Data Show How Powerful Quake Shifted Parts of New Zealand

New data shows that parts of New Zealand’s South Island moved several meters closer to the North Island during last November’s 7.8 magnitude earthquake.

The data, including satellite radar imagery, shows that parts of New Zealand’s South Island have shifted more than 5 meters closer to the North Island, and that some areas were raised by up to 8 meters.

 

Other information has come from observations on the ground and the analysis of coastal regions by GNS science, a New Zealand government research agency.

The tremor, near the tourist town of Kaikoura, ruptured a swath of land almost 200 kilometers long.

Research coming out

GNS has published the first of 10 papers on the powerful quake in mid-November 2016 in the international journal Science. Two people were killed when the magnitude 7.8 earthquake struck and Kaikoura was cut off by landslides.

 

Ian Hamling is the lead author of the research paper. He says the shifting of the earth in New Zealand occurred when powerful seismic forces pulled the ground in different directions.

“It is kind of like a shearing, so I guess the classic people always think of is a San Andreas-style fault, where you get the two sides of the fault zone move in opposite directions,” Hamling said. “And so that is what we see, is that parts of inland Kaikoura up to Cape Campbell have gone to the northeast and then in some areas to the south of that have gone in the opposite direction.”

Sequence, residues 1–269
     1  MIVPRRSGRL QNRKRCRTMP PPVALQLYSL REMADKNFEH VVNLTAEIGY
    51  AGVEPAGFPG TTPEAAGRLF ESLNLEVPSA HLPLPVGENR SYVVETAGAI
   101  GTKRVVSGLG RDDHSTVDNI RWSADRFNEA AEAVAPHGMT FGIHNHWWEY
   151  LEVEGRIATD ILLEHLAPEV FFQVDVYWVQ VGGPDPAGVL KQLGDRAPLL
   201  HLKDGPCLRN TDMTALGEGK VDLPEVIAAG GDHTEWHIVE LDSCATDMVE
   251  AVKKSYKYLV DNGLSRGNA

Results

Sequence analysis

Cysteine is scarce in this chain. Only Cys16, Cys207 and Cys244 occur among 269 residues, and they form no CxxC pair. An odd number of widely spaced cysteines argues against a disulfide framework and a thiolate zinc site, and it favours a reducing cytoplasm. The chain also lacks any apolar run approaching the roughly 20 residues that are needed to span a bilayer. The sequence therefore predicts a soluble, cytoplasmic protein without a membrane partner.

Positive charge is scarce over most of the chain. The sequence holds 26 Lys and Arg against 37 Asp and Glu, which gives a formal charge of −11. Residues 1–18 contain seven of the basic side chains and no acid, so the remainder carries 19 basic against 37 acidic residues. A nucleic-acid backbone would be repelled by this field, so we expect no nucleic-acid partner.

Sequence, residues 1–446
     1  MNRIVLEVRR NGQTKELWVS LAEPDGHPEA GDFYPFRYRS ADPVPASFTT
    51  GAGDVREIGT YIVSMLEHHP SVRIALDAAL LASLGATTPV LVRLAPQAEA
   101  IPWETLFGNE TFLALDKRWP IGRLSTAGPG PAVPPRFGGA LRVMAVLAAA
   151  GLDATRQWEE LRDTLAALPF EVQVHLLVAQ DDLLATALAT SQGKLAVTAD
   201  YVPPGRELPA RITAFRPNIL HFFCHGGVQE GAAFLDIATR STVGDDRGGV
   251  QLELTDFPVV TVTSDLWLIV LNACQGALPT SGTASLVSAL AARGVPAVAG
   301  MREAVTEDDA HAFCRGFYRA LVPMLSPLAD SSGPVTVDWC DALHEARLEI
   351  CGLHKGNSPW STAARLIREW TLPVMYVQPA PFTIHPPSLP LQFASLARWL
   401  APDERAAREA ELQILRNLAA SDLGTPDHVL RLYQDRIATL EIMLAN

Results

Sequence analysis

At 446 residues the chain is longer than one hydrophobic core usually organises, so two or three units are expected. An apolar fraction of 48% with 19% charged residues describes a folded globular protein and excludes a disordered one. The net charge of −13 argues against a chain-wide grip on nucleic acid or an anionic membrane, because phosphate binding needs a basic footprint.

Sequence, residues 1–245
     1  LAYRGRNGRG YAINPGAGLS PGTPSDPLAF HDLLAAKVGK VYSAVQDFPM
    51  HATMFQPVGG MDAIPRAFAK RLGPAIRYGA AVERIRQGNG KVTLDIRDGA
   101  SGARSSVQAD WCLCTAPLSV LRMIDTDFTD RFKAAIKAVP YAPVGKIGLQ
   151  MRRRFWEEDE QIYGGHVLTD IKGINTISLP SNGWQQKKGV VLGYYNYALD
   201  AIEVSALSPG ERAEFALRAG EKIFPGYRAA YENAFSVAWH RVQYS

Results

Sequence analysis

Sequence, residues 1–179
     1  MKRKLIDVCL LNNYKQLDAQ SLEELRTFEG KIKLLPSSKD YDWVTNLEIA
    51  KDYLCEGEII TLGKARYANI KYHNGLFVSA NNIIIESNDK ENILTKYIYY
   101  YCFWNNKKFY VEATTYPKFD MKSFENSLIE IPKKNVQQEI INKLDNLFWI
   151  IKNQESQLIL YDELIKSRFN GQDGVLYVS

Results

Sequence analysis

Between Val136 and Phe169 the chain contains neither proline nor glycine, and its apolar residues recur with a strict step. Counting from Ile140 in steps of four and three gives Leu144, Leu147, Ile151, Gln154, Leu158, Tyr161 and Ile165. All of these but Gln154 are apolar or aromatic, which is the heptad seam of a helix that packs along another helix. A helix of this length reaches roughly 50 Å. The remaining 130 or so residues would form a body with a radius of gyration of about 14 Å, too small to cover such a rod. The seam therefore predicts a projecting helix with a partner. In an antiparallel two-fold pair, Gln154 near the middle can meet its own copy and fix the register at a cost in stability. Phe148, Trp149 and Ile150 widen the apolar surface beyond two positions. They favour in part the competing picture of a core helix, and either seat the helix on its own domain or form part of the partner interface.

The earthquake struck last November northeast of the city of Christchurch. It was felt in the New Zealand capital, Wellington, on the North Island, 200 kilometers away.

Shaky Isles

 

Christchurch is still recovering from a devastating 2011 earthquake that killed 185 people and destroyed the city center.

 

New Zealand is known as the Shaky Isles. The South Pacific nation lies on the unpredictable Ring of Fire that circles almost the entire Pacific rim.

 

Each year more than 15,000 earthquakes are recorded in New Zealand, but only about 150 are large enough to be felt.

 

The research paper, led by GNS, included the work of 29 co-authors from 11 national and international institutes such as the NASA laboratory in California and the University of Leeds in Britain.

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